i-Names is an XRI/XDI-based way to own, manage and present your identity. (I first wrote about i-Names in this Linux Journal article. Higgins is an open source trust framework for solutions like CardSpace and OpenID, which was created by Brad Fitzpatrick for LiveJournal as a simple solution to the single-sign-on problem. (The OpenID URL-based approach has a history that also goes back to LID and Yadis, as described here.) WhoBar is a Sxip's new browser tool that lets users login to a site using a choice of OpenID, InfoCards or Higgins. None of these is a "platform" in the sense that it serves as a foundation for a silo. In fact, Kim's 5th law of identity says "A universal identity system (or "metasystem") must channel and enable the inter-working of multiple identity technologies run by multiple identity providers". In other words, it's not one system, or one platform. Kim explains, "One reason there will never be a single, centralized monolithic system (the opposite of a metasystem) is because the characteristics that would make any system ideal in one context will disqualify it in another".
So there is agreement within the Identity Gang that there will be many ways for individuals to control and assert their identities in the world.
Yet nontechnical people reading the last few paragraphs are unlikely to be reassured. Same goes for some technical people as well. (Including, perhaps, Dr. Weinberger). For them, defaulted anonymity, in spite of its inconveniences, is still preferable to any "system" that sacrifices it.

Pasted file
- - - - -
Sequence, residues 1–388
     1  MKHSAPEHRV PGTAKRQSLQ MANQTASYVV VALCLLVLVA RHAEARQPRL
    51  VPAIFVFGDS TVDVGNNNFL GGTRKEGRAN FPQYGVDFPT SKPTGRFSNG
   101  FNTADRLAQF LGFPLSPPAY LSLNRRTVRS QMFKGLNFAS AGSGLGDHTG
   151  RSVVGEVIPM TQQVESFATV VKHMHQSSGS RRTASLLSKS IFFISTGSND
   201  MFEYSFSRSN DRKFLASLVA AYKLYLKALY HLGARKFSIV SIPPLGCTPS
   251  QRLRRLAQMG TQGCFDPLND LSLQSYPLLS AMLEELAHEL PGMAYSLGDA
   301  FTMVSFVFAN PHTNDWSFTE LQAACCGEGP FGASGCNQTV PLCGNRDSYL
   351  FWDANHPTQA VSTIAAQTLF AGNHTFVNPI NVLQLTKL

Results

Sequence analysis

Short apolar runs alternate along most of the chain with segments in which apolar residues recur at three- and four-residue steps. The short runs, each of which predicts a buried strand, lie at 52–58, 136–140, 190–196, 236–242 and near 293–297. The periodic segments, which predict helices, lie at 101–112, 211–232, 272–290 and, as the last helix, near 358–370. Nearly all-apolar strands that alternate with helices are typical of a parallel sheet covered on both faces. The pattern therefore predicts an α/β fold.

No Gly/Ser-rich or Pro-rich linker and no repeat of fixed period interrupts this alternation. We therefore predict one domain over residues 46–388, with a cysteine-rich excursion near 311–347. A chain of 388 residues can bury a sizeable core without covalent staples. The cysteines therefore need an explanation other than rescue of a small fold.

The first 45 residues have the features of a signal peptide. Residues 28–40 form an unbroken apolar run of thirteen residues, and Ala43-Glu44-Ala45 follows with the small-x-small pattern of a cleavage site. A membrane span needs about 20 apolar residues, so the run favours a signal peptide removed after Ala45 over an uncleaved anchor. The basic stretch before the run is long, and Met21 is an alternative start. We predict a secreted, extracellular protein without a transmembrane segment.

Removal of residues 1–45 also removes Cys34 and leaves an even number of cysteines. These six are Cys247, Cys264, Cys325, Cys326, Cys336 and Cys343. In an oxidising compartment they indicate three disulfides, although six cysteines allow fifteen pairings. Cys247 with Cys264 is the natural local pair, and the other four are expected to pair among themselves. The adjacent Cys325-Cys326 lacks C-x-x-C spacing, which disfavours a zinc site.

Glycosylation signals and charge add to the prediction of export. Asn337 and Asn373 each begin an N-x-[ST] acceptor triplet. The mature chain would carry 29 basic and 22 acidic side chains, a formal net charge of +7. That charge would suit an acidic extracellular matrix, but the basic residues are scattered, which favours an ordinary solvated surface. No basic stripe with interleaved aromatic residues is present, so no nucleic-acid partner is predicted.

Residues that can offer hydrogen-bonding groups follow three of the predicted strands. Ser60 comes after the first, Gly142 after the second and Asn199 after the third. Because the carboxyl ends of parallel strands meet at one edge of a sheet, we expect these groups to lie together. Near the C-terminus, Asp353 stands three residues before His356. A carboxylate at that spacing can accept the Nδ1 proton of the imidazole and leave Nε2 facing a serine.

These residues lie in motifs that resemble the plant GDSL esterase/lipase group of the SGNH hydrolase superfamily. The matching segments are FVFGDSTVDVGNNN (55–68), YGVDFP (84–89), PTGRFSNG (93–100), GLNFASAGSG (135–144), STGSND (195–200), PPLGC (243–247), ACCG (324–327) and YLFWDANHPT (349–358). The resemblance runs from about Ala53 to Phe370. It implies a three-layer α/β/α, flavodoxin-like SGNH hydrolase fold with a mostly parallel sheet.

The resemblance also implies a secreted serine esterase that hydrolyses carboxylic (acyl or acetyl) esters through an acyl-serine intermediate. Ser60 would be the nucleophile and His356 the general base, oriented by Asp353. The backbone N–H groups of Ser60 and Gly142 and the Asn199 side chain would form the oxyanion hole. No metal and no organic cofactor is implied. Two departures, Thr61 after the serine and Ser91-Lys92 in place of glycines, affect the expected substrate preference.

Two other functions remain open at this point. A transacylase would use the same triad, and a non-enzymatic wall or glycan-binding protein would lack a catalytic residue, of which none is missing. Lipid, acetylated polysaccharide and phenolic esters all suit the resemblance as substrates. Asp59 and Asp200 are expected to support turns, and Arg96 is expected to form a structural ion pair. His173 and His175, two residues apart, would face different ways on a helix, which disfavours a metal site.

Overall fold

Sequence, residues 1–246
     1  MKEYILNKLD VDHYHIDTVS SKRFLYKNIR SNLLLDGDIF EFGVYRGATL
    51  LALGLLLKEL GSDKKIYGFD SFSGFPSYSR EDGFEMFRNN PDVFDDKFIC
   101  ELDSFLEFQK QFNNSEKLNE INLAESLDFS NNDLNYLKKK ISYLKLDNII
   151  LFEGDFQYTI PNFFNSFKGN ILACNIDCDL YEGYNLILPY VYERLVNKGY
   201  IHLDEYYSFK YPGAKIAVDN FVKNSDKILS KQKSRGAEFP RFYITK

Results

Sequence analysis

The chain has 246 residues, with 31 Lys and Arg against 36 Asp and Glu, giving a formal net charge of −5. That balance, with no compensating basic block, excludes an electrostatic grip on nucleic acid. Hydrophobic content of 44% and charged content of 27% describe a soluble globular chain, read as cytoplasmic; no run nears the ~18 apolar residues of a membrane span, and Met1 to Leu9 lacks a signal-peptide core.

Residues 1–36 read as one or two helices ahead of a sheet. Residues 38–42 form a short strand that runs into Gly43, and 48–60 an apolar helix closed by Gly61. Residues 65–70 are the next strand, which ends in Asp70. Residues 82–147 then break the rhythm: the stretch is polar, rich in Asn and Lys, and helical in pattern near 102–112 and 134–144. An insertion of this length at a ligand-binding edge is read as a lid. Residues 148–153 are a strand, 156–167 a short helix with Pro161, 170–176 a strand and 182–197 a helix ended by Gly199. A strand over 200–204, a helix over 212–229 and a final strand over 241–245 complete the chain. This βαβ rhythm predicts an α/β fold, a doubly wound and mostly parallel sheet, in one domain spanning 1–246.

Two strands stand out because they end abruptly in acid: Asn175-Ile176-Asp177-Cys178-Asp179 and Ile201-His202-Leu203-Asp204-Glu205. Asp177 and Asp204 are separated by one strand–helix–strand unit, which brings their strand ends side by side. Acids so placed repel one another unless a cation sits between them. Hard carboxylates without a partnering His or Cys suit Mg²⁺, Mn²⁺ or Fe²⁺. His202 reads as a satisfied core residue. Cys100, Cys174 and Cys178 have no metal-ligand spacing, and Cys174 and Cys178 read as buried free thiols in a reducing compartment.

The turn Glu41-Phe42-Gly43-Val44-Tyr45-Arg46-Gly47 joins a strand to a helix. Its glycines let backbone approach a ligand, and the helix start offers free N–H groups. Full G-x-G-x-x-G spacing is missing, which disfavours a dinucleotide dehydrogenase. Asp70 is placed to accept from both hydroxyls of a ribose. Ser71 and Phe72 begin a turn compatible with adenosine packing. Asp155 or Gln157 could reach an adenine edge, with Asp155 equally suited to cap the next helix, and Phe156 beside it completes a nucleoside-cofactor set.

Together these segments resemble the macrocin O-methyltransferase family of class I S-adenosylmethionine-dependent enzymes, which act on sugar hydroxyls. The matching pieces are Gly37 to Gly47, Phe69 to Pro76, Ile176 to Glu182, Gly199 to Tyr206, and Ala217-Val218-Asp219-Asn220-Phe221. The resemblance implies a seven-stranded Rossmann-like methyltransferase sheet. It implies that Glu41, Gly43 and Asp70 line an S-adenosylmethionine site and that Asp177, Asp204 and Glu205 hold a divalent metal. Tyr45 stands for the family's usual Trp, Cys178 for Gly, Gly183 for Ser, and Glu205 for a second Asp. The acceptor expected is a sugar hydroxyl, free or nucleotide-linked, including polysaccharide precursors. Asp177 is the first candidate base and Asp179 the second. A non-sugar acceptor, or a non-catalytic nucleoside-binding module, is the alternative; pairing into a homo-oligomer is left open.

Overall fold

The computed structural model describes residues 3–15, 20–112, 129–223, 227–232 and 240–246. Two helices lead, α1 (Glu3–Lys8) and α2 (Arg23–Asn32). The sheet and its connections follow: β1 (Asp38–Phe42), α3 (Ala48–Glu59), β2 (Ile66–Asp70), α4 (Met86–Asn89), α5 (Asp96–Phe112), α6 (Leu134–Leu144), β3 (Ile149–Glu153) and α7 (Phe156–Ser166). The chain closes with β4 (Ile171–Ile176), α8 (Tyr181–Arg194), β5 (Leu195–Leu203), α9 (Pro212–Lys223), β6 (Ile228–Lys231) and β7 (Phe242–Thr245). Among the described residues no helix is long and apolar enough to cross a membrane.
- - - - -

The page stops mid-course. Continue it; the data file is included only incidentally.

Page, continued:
The extreme user (not use) case is my cousin. He loves to take photographs and share them with people. He does this mostly by email. Last summer I asked him why he doesn't use Flickr or some other photo site. "I don't use any site that requires a password", he said. Why? "They're a pain in the ass", he said, adding "I don't need a password when I walk into a store, or drive from one place to another. Why do I need one online?"
In a numerical sense, his position is hardly extreme. The login/password convention is not any Old Hat for techies, but the defaulted norm. But that doesn't mean they aren't at least half-ridiculous in the offline world that will always be a lot larger than the online one. I say half-ridiculous because it's in the offline world that we use cards and PIN numbers to "log in", identify ourselves and do business (usually just to get money) from cash machines.
The offline world may be bigger than the online world, but the two will eventually overlap to a degree that the distinction becomes academic. That will happen when we relate to businesses, and to each other, with technologies that are more personal than computers. The most obvious of these are cards and cell phones.